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SF Group Receives Canada's Highest Unit Award

FAYETTEVILLE, N.C. -- A group of Fort Bragg Green Berets on Wednesday became the first non-Canadian military unit to receive that country's highest team recognition.

Seventy-four members of the 1st Battalion, 3rd Special Forces Group were presented the Commander-in-Chief Unit Commendation for their participation in a major 2006 battle near Kandahar, Afghanistan.

A Canadian-led NATO mission called Operation Medusa cleared a Taliban stronghold in a district near Kandahar during several days of September 2006. More than 1,400 Taliban held the district, using schools to train insurgents.

The commendation is Canada's equivalent of the U.S. Presidential Unit Citation.

Special Forces Lt. Col. Jared Hill remembers a call during the battle describing the large opposing force, using the code word "predator."

"We've got predator up, and we can't count them all," Hill was told, but the soldiers persevered. "These kind of men get beat up, yet volunteer to go back in the same fight the next day."

The mission was the largest operation of the war at that point and was seen as a possible turning point in Afghanistan.

"It prevented the fall of the city of Kandahar to the Taliban," said Lt. Gen. Stuart Beare, commander of the Canadian Expeditionary Force Command, who presented the commendation to the soldiers during a ceremony Wednesday at the John. F. Kennedy Auditorium on Fort Bragg.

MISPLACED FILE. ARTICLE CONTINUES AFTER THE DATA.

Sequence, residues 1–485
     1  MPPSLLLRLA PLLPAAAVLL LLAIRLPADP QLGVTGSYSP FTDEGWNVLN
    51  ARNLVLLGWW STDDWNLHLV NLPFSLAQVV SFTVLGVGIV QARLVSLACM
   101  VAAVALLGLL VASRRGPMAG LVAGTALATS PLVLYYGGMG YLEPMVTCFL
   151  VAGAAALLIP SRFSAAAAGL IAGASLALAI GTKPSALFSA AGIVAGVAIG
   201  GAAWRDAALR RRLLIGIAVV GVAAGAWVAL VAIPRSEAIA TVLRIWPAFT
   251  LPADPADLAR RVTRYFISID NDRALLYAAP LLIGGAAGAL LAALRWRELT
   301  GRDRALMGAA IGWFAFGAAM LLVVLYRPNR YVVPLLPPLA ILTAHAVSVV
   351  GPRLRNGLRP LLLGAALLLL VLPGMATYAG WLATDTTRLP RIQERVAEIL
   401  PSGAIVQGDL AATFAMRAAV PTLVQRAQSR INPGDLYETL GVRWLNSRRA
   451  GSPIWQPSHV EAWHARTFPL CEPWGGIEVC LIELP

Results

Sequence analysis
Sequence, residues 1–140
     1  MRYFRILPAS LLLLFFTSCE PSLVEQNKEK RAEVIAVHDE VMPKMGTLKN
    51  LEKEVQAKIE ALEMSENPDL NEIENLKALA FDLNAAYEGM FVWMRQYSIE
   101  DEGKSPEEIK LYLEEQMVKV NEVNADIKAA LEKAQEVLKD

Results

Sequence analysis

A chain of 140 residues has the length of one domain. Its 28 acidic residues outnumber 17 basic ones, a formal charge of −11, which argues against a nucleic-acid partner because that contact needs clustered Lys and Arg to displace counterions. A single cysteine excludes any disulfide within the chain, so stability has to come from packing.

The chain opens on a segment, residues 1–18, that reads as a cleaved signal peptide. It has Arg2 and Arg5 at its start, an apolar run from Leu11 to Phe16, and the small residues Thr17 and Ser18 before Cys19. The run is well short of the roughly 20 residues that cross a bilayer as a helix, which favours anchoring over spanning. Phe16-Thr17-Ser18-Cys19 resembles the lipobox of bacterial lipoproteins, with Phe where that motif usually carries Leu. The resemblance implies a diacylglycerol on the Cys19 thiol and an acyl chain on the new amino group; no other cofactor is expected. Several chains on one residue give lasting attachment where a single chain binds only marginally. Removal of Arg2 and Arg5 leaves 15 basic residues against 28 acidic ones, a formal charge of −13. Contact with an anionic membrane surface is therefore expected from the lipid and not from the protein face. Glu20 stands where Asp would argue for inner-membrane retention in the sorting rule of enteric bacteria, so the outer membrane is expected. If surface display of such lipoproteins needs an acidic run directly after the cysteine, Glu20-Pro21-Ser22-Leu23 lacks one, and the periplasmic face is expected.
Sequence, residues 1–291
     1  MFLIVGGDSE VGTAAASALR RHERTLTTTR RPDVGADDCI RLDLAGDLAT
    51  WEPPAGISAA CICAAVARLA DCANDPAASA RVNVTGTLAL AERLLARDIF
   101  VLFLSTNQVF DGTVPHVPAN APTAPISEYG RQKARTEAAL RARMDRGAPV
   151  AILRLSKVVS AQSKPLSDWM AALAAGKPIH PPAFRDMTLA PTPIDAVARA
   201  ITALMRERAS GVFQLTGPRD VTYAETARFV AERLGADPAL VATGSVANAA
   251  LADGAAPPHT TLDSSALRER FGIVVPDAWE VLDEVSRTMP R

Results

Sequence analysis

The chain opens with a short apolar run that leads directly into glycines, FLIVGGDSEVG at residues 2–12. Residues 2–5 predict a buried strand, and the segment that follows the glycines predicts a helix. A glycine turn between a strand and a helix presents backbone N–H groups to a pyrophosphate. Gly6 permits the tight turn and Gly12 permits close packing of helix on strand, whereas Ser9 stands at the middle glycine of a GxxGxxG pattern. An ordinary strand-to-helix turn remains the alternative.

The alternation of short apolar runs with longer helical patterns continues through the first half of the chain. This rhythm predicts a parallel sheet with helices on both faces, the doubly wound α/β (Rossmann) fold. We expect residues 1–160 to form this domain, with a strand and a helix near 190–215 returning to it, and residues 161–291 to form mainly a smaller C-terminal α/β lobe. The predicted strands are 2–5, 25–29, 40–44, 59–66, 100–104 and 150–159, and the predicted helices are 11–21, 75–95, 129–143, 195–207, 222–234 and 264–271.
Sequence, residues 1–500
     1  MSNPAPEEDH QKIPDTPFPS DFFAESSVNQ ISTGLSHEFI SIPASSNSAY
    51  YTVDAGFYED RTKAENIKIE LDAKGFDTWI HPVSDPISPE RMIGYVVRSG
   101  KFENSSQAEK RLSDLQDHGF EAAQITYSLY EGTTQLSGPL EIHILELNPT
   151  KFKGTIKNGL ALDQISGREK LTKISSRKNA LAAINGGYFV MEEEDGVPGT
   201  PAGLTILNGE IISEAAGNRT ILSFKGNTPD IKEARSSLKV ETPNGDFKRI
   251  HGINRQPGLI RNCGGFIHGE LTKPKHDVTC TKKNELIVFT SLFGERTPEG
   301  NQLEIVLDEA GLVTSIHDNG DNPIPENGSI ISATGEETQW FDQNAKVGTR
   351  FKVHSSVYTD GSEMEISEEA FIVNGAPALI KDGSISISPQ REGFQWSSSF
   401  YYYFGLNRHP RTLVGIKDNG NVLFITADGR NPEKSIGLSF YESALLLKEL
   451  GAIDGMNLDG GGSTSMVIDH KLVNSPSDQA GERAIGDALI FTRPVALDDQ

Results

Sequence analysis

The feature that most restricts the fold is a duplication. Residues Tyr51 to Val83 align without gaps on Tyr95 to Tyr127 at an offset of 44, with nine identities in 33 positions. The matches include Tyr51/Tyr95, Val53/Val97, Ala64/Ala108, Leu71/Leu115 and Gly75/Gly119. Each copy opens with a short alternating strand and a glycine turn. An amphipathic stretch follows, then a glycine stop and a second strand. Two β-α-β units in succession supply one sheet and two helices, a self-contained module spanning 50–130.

The U.S. soldiers who participated in the operation helped flank the Taliban and gain high ground that allowed troops to call in air strikes, clear insurgents from the area and pave the way for government services to take root.

The gains made then are still evident today, Beare said. Afghan civilians have moved back into the homes they deserted when the Taliban held power, he said.

American, Canadian, Dutch, Danish, British and Afghan troops participated in the operation, which ended the lives of an estimated 500 insurgents. Twelve Canadian troops and three Afghan soldiers died.

The Canadian commendation has only been awarded six other times since 1992. It recognizes any unit assigned to Canadian command "that has performed an extraordinary deed or activity of a rare high standard in extremely hazardous circumstances."

The award includes a gold-embossed scroll, a pennant and an insignia bearing a lion.

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